In a previous post, we had taken a shortcut: we had TeamCity running inside Kubernetes, sharing its Docker daemon. That trick allowed Kubernetes to access the Docker images produced by our builds. In this post, we’ll setup our own Docker registry and publish Docker images there.
We’ll follow the instructions here about setting up a registry with a self-signed certificate. The certificate will need a hostname, we’ll be using
First, we create a folder named
certs and generate the certificate there:
$ mkdir certs $ openssl req \ -newkey rsa:4096 -nodes -sha256 -keyout certs/registry.local.key \ -x509 -days 365 -out certs/registry.local.crt Generating a 4096 bit RSA private key ..........++ .......................................................................++ writing new private key to 'certs/registry.local.key' ----- You are about to be asked to enter information that will be incorporated into your certificate request. What you are about to enter is what is called a Distinguished Name or a DN. There are quite a few fields but you can leave some blank For some fields there will be a default value, If you enter '.', the field will be left blank. ----- Country Name (2 letter code) [AU]:NL State or Province Name (full name) [Some-State]:Noord Holland Locality Name (eg, city) :Amsterdam Organization Name (eg, company) [Internet Widgits Pty Ltd]:Nikolaos Georgiou Organizational Unit Name (eg, section) : Common Name (e.g. server FQDN or YOUR name) :registry.local Email Address :
The important part is the Common Name field, which needs to match the hostname of the registry.
We’ll now setup TeamCity outside Kubernetes (so it won’t be able to share its Docker anymore) and create the Docker registry. We can use docker compose to put everything together. Here’s the
docker-compose.yaml we can use:
version: '2' services: server: image: "jetbrains/teamcity-server:2017.2" ports: - "8111:8111" volumes: - ./server/data:/data/teamcity_server/datadir - ./server/logs:/opt/teamcity/logs agent: image: "jetbrains/teamcity-agent:2017.2" volumes: - ./agent/conf:/data/teamcity_agent/conf - /opt/buildagent/work:/opt/buildagent/work - /opt/buildagent/temp:/opt/buildagent/temp - /var/run/docker.sock:/var/run/docker.sock environment: - AGENT_NAME=AgentSmith - SERVER_URL=http://server:8111/ links: - server registry: image: "registry:2" ports: - "5000:5000" volumes: - ./registry:/var/lib/registry - ./certs:/certs environment: - REGISTRY_HTTP_TLS_CERTIFICATE=/certs/registry.local.crt - REGISTRY_HTTP_TLS_KEY=/certs/registry.local.key
In this example the
docker-compose.yaml file should live side by side with the
certs folder. We have quite a few mounted volumes, that’s for TeamCity to persist its configuration and data. To avoid setting up our build configuration from scratch, we can backup the old configuration and restore it in the brand new instance. In any case, we can now launch all our services by running
docker-compose up -d.
The next step is to change the build configuration in TeamCity so that it will publish the Docker image to the new Docker registry. We’ll create a configuration property to avoid repeating the
registry.local:5000 all over the place:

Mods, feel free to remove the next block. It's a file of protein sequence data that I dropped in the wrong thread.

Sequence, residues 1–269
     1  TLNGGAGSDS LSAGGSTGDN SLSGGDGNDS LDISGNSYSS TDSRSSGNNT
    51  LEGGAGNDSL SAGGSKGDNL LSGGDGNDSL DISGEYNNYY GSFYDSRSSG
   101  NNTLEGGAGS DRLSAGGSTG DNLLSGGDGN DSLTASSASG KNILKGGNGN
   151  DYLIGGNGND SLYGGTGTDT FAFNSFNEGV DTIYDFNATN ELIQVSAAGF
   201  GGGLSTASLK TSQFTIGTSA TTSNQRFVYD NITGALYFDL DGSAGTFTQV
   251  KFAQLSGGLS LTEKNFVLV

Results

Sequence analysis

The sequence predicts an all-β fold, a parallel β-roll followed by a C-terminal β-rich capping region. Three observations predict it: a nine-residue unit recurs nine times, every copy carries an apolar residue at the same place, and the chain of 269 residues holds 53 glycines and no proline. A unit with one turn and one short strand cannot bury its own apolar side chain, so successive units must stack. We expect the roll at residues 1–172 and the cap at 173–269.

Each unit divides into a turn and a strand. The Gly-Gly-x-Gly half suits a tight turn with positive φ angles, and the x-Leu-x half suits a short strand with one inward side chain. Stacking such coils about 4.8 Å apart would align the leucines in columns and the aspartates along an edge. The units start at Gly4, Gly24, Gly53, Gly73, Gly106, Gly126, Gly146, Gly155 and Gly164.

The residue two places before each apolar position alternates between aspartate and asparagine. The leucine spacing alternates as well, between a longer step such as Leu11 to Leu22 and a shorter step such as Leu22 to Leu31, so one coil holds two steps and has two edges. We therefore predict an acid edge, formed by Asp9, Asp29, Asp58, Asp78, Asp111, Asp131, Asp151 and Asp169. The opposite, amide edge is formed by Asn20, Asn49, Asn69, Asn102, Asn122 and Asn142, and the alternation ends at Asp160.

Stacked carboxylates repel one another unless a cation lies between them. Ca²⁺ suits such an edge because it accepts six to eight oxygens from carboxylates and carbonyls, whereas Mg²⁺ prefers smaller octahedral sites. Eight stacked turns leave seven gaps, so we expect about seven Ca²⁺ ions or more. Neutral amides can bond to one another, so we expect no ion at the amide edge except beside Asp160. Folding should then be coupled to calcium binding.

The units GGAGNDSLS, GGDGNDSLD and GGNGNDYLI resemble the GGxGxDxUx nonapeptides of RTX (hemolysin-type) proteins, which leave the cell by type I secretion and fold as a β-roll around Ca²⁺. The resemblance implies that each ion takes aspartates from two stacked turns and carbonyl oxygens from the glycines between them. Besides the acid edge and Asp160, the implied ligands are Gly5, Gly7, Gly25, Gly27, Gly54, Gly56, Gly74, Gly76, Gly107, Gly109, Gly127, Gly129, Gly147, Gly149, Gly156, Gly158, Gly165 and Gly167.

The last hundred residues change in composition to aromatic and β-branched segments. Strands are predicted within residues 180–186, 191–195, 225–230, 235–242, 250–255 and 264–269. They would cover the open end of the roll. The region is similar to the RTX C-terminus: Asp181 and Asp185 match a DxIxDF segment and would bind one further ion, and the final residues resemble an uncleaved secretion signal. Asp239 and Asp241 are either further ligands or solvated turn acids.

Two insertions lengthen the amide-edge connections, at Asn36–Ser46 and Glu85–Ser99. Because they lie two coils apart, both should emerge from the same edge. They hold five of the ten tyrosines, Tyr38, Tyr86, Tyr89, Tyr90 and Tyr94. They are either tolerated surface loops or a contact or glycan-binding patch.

We need to tag the image, which is easily done with the native Docker Build runner:
and we need to push the image to our registry, which requires a new custom step:
We also need to change the Helm chart to indicate that the image comes from
registry.local:5000/blog-helm and that it should pull the image if it doesn’t exist locally. That’s in
image: repository: registry.local:5000/blog-helm tag: latest pullPolicy: IfNotPresent
The remaining parts are actually workarounds, compensating for the fact we’re using locally hosted services and self-signed certificates. Let’s start with the hostname
registry.local. TeamCity now runs on the host’s docker, so we can edit
/etc/hosts and point
127.0.0.1 (localhost). From Kubernetes’s point of view however, localhost won’t work, because it will resolve to the internal network of Kubernetes. Here’s a quick way of figuring out what IP to use:
$ minikube ip 192.168.99.100 $ ifconfig | grep 192.168.99 inet addr:192.168.99.1 Bcast:192.168.99.255 Mask:255.255.255.0
Since minikube’s IP is on the 192.168.99.0/24 network, we need to figure out what is the IP of our host on that network. Turns out that’s 192.168.99.1 and that’s how Kubernetes can reach the registry.
Here’s the additions to the hosts file on the host:
# custom Docker registry 127.0.0.1 registry.local # to be able to access the blog-helm hello world app with Ingress 192.168.99.100 blog-helm.local
and here’s the hosts file inside minikube:
The final step is to convince minikube’s Docker to trust our self-signed certificate. Essentially we need to copy the certificate inside minikube in the folder
/etc/docker/certs.d/host:port/ca.crt. We don’t need to restart Docker after this:
$ minikube ssh $ mkdir -p /etc/docker/certs.d/registry.local:5000 $ cp /hosthome/ngeor/Projects/teamcity/certs/registry.local.crt ca.crt
We’re all done, now we can build and deploy using the brand new Docker registry. Here’s a pod using the image of the new registry:
Introducing a Docker registry brings out setup one step closer to a more realistic setup. A Docker registry is the authority point where you push (during build) and pull (during deployment) images. In a next post, we’ll use AWS and implement a secure Docker registry there. But before that, we’ll explore how we can model our DTAP.